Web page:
When the Strait and Narrow Path Doesn't Seem Very Straight

Part of the purpose of this journey we call life is to answer the question “Who am I?” The answer to that question evolves as we mature. In our youth, much of our identity is given to us by family, mentors, society, or our native culture. Gender often plays a pivotal role in developing that identity. As a boy growing up in an LDS environment, my identity was largely shaped around my priesthood and the future responsibilities it entailed. While I had yet to experience my future, the plans I made shaped who I was and wanted to be.

As a youth, the road map for my future – my intended identity – looked something like this diagram. It was straightforward and consisted of boxes I could tick that would help me know who I am – returned missionary, father, husband, etc.

However, with a little more experience under my belt, I perceived that life was not as straightforward as my youthful self once imagined. Even with the same milestones on the timeline, my life – and the life of my friends – began to look different. For example, I used to think that 25 was a great age for marriage. That age came and went with most of my friends being married, but I still found myself single. Being single at 25, or 30, or 35 (almost) wasn’t bad or wrong, but it was different than my previous plan, and my experience did begin to reshape my identity because I wasn’t able to use “husband” as part of my sense of self.

As life continued, I learned that life’s path is a little more winding, and more customized to the individual than I once thought, kind of like the next diagram. Even two lives with the same milestones can look very different for two different people. Sometimes it is based on individual life choices, and sometimes it is different just because we are meant to walk different roads.

But what happens when the road starts to become more winding than we are prepared for? We experience all sorts of “disruptions,” like: early return from a mission, mental illness, not finishing college, pornography or other addiction, never getting married, getting divorced, infertility, losing a job, losing a child, financial instability, or debilitating physical illness.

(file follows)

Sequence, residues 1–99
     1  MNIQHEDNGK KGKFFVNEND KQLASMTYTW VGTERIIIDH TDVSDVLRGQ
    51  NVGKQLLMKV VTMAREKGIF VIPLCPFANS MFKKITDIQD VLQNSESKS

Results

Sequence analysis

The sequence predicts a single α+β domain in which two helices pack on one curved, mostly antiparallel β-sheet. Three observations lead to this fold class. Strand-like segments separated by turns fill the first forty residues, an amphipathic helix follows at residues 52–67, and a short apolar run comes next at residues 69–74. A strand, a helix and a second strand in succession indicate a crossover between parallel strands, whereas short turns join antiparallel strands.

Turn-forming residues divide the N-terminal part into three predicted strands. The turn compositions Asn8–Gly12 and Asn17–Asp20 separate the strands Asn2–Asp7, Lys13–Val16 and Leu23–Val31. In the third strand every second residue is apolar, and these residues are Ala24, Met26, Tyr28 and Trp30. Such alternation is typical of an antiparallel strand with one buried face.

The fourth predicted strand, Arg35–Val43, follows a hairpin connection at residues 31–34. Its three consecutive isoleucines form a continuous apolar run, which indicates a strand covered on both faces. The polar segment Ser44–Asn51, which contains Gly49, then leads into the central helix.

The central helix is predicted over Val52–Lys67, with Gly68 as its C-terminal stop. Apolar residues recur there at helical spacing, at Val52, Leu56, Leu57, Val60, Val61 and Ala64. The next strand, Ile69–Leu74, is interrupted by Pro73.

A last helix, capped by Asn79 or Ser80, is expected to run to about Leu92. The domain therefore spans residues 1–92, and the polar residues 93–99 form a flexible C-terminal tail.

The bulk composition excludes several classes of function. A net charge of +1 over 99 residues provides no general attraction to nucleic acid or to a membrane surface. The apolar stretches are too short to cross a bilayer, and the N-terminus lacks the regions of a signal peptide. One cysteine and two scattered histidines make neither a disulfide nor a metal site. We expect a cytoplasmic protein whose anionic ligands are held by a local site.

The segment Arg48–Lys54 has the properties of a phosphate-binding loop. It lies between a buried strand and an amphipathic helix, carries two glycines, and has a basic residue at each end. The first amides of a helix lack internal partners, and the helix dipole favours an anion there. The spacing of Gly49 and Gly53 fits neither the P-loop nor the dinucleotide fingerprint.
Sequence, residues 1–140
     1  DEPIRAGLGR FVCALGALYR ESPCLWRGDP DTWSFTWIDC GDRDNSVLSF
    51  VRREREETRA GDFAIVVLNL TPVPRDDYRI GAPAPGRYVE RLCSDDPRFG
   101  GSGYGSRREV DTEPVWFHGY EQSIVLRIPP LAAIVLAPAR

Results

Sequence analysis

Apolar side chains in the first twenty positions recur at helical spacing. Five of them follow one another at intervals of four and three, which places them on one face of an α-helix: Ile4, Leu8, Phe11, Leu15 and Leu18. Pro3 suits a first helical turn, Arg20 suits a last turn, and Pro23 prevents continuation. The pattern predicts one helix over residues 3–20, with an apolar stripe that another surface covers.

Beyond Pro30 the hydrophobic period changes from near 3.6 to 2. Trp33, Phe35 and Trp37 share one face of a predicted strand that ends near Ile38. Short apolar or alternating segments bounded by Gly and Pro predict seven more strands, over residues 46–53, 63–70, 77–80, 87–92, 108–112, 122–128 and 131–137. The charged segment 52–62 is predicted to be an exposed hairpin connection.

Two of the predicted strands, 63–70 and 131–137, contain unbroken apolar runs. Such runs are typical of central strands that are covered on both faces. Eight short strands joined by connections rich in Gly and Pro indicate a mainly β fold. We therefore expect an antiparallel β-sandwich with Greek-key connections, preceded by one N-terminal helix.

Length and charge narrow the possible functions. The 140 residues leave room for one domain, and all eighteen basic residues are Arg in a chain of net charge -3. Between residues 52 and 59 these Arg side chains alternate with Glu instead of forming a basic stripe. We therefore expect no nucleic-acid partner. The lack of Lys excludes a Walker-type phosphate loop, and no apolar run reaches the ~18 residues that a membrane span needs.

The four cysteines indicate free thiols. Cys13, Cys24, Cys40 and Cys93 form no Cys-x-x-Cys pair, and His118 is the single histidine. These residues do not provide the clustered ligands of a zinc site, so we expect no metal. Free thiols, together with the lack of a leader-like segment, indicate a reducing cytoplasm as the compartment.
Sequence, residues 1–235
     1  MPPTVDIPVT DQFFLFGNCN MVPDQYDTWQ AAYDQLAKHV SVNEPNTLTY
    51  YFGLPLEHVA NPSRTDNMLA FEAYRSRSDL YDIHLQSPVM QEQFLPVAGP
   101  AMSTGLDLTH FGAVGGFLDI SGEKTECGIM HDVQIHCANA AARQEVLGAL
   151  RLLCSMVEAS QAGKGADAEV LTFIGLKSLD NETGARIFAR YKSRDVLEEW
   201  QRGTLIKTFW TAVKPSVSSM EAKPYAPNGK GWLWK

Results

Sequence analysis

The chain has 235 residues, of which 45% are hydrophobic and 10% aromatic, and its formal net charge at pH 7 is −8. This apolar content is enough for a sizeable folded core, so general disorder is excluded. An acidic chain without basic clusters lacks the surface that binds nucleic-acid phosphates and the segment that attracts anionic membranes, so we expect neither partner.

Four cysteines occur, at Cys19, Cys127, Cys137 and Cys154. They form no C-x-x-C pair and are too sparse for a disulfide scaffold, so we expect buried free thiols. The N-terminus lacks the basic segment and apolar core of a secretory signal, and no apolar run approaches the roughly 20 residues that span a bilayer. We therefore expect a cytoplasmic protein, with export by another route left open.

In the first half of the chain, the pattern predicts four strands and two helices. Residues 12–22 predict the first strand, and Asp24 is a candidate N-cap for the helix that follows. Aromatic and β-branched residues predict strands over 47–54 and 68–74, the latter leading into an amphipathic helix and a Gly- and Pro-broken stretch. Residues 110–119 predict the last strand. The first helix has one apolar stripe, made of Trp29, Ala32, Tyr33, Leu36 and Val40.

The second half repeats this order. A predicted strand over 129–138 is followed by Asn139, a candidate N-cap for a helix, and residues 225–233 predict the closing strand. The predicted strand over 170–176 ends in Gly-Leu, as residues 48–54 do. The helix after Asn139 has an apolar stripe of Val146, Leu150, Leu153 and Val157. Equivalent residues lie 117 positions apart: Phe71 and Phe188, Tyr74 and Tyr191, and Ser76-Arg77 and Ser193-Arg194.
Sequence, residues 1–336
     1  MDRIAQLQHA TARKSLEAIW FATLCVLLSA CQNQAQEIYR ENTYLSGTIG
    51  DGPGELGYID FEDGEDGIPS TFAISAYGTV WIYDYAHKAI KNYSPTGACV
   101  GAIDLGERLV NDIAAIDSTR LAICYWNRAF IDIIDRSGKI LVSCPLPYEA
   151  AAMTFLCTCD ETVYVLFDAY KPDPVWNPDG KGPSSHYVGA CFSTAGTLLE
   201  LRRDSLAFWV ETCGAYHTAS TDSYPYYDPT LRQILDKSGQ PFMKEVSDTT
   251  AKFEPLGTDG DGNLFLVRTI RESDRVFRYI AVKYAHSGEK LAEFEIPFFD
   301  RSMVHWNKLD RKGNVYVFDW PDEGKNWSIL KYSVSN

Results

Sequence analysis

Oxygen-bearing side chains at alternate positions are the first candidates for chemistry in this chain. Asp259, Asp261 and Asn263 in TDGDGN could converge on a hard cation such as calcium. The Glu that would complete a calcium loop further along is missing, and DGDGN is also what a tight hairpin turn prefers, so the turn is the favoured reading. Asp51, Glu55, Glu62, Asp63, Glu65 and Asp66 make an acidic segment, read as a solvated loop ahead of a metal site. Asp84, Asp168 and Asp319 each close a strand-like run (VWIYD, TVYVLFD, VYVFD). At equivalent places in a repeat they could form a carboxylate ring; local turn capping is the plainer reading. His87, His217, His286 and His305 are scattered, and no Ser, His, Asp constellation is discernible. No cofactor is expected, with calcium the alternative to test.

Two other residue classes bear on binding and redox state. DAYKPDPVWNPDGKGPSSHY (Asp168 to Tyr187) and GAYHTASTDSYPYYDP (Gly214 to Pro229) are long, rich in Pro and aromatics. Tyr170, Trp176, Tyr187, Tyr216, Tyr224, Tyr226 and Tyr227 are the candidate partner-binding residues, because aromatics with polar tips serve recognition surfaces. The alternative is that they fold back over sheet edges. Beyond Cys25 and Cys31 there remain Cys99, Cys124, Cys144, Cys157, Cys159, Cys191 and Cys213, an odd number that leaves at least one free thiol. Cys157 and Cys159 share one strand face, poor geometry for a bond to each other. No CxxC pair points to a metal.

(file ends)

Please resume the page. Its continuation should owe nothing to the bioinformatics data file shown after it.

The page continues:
When one’s life deviates from the plan, we don’t just lose that thing we hoped for in life, we lose that part of our identity which was founded on the achievement of certain milestones. As I experienced more "disruptions," the experiences began to raise the – often subconscious – questions, "Who am I?" and “Who am I as a man?” or “What does it mean to be a man?” The same can be true for a woman in her own regard.

As these questions arose, I could choose to do some self-reflection to find an answer… but that didn’t sound like fun. And, my culture taught me that real men don’t really do "soul searching." Instead, I explored what I believe to be the two most common approaches to resolve the loss of identity:

  1. Rigidly stick to the plan, trying to force it to work and/or pretending that the disruption doesn’t exist; or

  2. Blame the church (or church culture) for giving him an identity that didn’t fit his circumstance, and leave the church.

Frankly, I’ve tried both of these alternatives and neither worked very well for me because I just traded in one set of issues for another. In both alternatives, I still lost a piece of myself. In approach 1, I lost the piece of me that accepts and lives the reality of my life, by choosing to live in a dream instead. In approach 2, I lost my connection to the gospel and to God. Either way, I still felt empty.

My journey continued and I found a third alternative. Instead of viewing the “disruption” as that, I learned to view it as an invitation from God to chart my own course and co-create my own unique identity with Him as my partner.

Suddenly, the “disruption” becomes the catalyst for growth. Grieving is often a natural part of the process, but eventually, my grief, shame, or loss, can transform into a sense of adventure and gratitude as I allow God to guide my path and give me the experience that is best for me. Experience teaches me about who I am and my life becomes more rich. I find my identity not in the roles I play (like husband, grandpa, or Bishop), nor in my achievements (like a promotion or seeing my kids sealed in the temple), but in a deepening relationship with Christ. He speaks to me and I listen; He guides me and I follow; He gives me opportunities to know myself and I choose to grow into and discover the man He sees in me. My identity is no longer based on what I do, but who I am. My identity is not founded in the world's vision of me, or even my own vision of my life, but Christ's vision of who I am.

While I used to envy men whose lives seemed to follow the charted course so easily, that is no longer the case. The “disruptions” I’ve experienced have been some of the best opportunities to explore and redefine my identity, and seek answers to questions like “Who am I?”; “What do I value?”; “What do I want from life?”; and “How are Christ and I partners on this awesome journey of life?”

This is why we’ve created Discover Identity and the As I Am retreat and workshops. This is our way to help our LDS brothers find their own answers to these questions and partner with Christ to develop a vision of their unique identity and path. Some men who participate have experienced a “disruption” and are actively seeking answers. Others may not have experienced a “disruption,” but are being proactive about defining their identity. Either way, knowing who we are as men will make us better husbands, fathers, brothers, church leader, sons, coworkers, or whatever responsibility God gives us, while also bringing greater peace and purpose to the present.

Special thanks to Devin Little for creating the graphics.